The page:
Faculty Experience: Connections Beyond Borders: from London (UK), to Tokyo, Nagoya, and, finally, Kyoto
Connections Beyond Borders articles aim to introduce English-based undergraduate degree courses at Ritsumeikan University from the personal, everyday-lived perspective of the students and faculty themselves.
This Edition Features:
Thomas French from the UK – Associate Professor teaching in the Joint Degree Program (JDP) and Global Studies Major (GS) based at the Kinugasa Campus in Kyoto
A large part of my work over the last 3 years has been dedicated to helping create the JDP Program. Although it may seem a little removed from my main fields of study, the Allied Occupation of Japan and western-Japanese interaction, in actual fact there are a number of overlapping areas connected by my own related personal experience.
Arriving to study in Japan as a student myself, together with my own experience as a member of faculty already present in Japan, observing how the country is viewed by other international people coming in, played a role in my contribution to setting up the program; as they similarly play a role in informing my research too.
My research mostly concerns the period from the end of the war until about 1952. The first and second books I published, indeed most of my publications to date, are focused on the Occupation period of Japanese history when the country was occupied by the Allied powers (in name at least - in reality the US was dominant).
Within that I have looked principally at the creation and history of the Self-Defense Forces, concentrating further within that upon the development of the National Police Reserve. In a narrow sense, I cover western and Japanese interaction over military training, but my interests broaden out greatly to encompass western-Japanese interaction in such areas as knowledge exchange, knowledge transfer, economic, and politics.
My recent successful research funding proposal will take me into the area of the history of peace-time Anglo-Japanese military links from the Meiji period (1868-1912) through to the present. Funding is kindly provided by the Japan Society for the Promotion of Science through their Grants-in-Aid for Scientific Research Program (Kakenhi).
My interest in Japan really began when I was a child back in the UK. My father was interested in Japanese culture – Japanese films (especially Kurosawa’s The Seven Samurai) and martial arts. He happened to share this interest with a work colleague and friend who began writing popular histories of Japan – a friend who in fact has since gone on to become a highly respected scholar of Japan, Dr. Stephen Turnbull (Honorary Lecturer at Leeds University (UK), Research Associate at SOAS (UK), and Visiting Professor of Japanese Studies at Akita International University (Japan)).
The professor was kind enough to provide my dad with a selection of books he had written as a present. Eventually they found their way to me, and my interest in Japanese history really grew from there.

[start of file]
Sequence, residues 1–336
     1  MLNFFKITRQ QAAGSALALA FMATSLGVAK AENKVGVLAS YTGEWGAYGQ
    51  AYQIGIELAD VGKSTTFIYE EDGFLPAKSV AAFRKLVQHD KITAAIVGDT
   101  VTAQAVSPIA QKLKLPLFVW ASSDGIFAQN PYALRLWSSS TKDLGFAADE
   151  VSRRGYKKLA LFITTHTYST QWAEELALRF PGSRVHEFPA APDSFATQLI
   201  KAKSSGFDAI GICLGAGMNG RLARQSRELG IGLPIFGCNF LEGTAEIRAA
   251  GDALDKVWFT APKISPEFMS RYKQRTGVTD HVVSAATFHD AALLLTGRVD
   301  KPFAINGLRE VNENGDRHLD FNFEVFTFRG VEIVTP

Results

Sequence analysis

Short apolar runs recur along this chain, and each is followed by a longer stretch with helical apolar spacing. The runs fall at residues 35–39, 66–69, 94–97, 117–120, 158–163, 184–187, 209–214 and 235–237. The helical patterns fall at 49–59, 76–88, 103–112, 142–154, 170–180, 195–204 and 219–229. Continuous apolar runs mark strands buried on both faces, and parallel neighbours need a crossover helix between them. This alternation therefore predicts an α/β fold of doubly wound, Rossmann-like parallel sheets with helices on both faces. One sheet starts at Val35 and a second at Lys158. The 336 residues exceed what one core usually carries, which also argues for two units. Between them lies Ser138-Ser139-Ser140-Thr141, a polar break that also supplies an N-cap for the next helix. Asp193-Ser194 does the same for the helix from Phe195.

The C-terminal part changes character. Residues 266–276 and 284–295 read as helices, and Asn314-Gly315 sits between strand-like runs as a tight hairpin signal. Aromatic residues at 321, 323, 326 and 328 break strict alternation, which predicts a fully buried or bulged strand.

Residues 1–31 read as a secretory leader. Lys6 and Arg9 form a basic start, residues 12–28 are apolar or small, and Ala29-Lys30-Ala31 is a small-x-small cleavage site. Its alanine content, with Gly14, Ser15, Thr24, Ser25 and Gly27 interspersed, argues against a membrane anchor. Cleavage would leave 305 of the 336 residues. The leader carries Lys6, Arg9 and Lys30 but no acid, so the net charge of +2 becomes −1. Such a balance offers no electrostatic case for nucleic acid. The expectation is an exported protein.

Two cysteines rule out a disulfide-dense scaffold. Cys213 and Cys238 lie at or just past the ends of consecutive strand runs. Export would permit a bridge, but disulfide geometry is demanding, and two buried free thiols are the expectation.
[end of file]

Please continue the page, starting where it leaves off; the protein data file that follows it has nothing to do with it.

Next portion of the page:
From another slightly different academic perspective, I was also interested at the same time in history in general. However, I found myself wanting to focus on something a little away from the mainstream in the UK, and Japan fitted the bill perfectly: a highly developed, non-western country, with a rich and varied history. This eventually led to me studying History with Japanese Studies at Royal Holloway University, London.
My interest grew even further during my masters at Durham University in the UK in the International Relations of East Asia. This, in turn, piqued my interest in more specialized Japanese history: modern Japanese history, the subject of my PhD.
US-Japan relations is the core of what I do. The course explores the legacy of the Occupation of Japan through consideration of the influence of various factors, including military bases and other areas. It also looks in to the influence of the US on many aspects of Japan's politics, diplomacy, security and culture.
I also teach Japanese Politics, which focuses mainly on post-war Japan, but as a whole looks at the period from the end of the bakumatsu, or roughly the mid-1860s, through to the present.
Modern Japanese History, linked directly to my specialism, is a new course which I have just begun to teach. I am hoping that it will be interesting and attractive for students to study the topic in Japan, but taught by a non-Japanese professor. I would like to think that it offers a slightly different, more international perspective in this respect.
In addition to these three main courses, I also contribute to a variety of other courses, some introductory, some more specialized, and conduct an undergraduate advanced seminar class on Modern World History.
This encompasses a wide selection of topics including: the occupation of Japan; the relationship between the ‘Big Three’ at the wartime conferences of 1941-45; and the emergence of fascist Italy, which we looked at in depth over the course of a semester.
The students also have the opportunity at various points to select the focus of study themselves by casting votes of preference from a list of pre-set topics. Many of the topics recently have been based around the 1920s to the 1950s, covering the transition from World War II into the Cold War.
Over the course of a semester students engage with a range of material related to the topic in question, discussing and analyzing the content in great depth. Material includes at least one book, primary source matter, and a selection of key articles.